In Ethiopia's capital, Addis Ababa, week-long celebrations to mark International Women's Day (8 March) were concluded on Sunday (9 March) at a colourful sports event held in the National Stadium.
GV AND LV Ladies playing musical chairs in Addis Ababa National Stadium watched by thousands of people (3 shots)
SV Women performing calisthenics with spectators watching (2 shots)
SV Women from Ethiopians Farmers' Association performing tractional dance with spectators watching (4 shots)
LV AND TV PAN Women running road track with crowd looking on (3 shots)
SV Women on horseback breaking pots full of water with crowd laughing (3 shots)
LV Women holding horse and chasing chicken
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Background: In Ethiopia's capital, Addis Ababa, week-long celebrations to mark International Women's Day (8 March) were concluded on Sunday (9 March) at a colourful sports event held in the National Stadium.
SYNOPSIS: International Women's Day was celebrated throughout the country with pomp, colour and pageantry. The occasion was highlighted by youth the women's parades, cultural dances and sports competitions, as well as by work campaigns and educational discussions.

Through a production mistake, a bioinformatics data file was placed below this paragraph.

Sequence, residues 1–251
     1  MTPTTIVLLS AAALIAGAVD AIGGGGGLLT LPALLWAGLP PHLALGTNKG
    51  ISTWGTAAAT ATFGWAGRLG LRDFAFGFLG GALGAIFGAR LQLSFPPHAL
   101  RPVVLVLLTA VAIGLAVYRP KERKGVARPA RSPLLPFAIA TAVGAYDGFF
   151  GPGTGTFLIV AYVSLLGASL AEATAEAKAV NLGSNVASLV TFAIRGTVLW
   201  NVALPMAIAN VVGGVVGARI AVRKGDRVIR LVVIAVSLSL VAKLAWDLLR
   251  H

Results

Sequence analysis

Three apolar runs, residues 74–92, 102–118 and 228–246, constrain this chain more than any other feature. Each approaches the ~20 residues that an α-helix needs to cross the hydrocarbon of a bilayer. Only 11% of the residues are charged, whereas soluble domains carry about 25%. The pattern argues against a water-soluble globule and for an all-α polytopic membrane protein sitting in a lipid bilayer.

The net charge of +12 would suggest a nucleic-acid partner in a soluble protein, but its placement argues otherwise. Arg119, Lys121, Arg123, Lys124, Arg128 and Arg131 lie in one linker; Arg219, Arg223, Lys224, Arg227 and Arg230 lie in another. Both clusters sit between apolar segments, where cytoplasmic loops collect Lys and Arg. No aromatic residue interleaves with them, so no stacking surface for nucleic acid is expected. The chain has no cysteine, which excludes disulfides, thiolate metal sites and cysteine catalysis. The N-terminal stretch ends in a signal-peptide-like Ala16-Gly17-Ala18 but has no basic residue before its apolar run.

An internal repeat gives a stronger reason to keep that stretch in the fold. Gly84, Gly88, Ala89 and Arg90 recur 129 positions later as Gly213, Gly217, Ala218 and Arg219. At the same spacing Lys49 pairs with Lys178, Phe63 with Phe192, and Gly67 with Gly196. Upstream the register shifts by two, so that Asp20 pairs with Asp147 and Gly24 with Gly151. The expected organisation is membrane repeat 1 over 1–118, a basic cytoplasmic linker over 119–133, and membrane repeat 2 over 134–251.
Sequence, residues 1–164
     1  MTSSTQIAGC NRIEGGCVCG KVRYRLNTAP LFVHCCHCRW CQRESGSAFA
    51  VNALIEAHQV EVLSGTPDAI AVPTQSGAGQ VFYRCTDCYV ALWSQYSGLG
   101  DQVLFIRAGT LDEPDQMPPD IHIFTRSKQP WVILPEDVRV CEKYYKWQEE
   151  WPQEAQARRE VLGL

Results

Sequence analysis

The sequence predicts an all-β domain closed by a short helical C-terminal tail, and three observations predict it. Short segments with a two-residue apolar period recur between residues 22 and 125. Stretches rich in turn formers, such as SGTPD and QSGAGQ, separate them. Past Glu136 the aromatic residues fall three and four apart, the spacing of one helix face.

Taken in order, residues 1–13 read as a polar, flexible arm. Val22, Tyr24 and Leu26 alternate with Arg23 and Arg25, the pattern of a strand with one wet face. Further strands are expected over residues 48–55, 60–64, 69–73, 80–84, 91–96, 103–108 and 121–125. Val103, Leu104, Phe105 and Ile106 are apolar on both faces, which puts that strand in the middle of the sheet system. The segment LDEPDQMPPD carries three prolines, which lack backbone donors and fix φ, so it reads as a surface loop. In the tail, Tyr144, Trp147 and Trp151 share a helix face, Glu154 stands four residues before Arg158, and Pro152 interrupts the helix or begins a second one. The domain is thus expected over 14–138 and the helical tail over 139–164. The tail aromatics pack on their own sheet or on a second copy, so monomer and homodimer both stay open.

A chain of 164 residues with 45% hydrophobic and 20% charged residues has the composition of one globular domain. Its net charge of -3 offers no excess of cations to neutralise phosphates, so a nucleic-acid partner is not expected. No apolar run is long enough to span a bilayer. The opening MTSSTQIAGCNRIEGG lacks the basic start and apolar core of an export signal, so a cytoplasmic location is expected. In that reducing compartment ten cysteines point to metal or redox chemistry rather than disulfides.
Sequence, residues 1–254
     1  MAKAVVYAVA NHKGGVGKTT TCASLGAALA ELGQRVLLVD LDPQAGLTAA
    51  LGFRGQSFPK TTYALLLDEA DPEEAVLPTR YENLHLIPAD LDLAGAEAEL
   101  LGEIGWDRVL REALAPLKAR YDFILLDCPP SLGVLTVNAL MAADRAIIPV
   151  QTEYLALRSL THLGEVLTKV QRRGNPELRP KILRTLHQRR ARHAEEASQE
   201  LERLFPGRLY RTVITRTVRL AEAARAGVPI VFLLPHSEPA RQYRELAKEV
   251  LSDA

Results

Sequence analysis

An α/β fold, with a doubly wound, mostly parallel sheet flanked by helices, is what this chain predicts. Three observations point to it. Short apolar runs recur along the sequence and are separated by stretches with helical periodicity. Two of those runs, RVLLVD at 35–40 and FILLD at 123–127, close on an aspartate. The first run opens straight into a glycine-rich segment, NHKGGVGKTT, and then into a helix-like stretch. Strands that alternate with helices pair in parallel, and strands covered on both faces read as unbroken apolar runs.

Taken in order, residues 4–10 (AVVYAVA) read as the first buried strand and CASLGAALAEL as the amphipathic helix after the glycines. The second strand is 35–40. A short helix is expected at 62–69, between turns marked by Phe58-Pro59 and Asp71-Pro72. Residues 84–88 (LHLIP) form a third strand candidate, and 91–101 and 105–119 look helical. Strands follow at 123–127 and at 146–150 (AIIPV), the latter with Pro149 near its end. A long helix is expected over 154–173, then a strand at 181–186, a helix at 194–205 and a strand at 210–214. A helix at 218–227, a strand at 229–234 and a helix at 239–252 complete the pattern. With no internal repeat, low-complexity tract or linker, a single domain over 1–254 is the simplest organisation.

Thousands of people turned out to watch the concluding celebrations in Addis Ababa. Vice Chairman of the Women's Day Sports Organising Committee, Comrade Tinsae Berhan Belihu, told the crowd that the programme had been prepared to reflect creativity and the family spirit. Comrade Tinsae Berhan went on to explain the important role women could play in the revolutionary process, in particular through their influence on the family. She also called on all women to give active support to the Commission for Organising the Party of the Working People of Ethiopia (C.O.P.W.E.) created in December to bring about the formation of a single people's communist party.
The sports competitions highlighted acrobatics, athletics, horse-riding and various entertaining shows, all of which received warm acclaim from the spectators. Many of the women were more than ready to relax after an active week of work campaigns and fund-raising drives to collect donations to help further the national literacy campaign. Traditional games were particularly popular although many village customs have started to disappear since Emperor Haile Selassie was overthrown in 1974. Village women are now involved in many traditionally male tasks on an equal footing, and are encouraged to learn to read and write.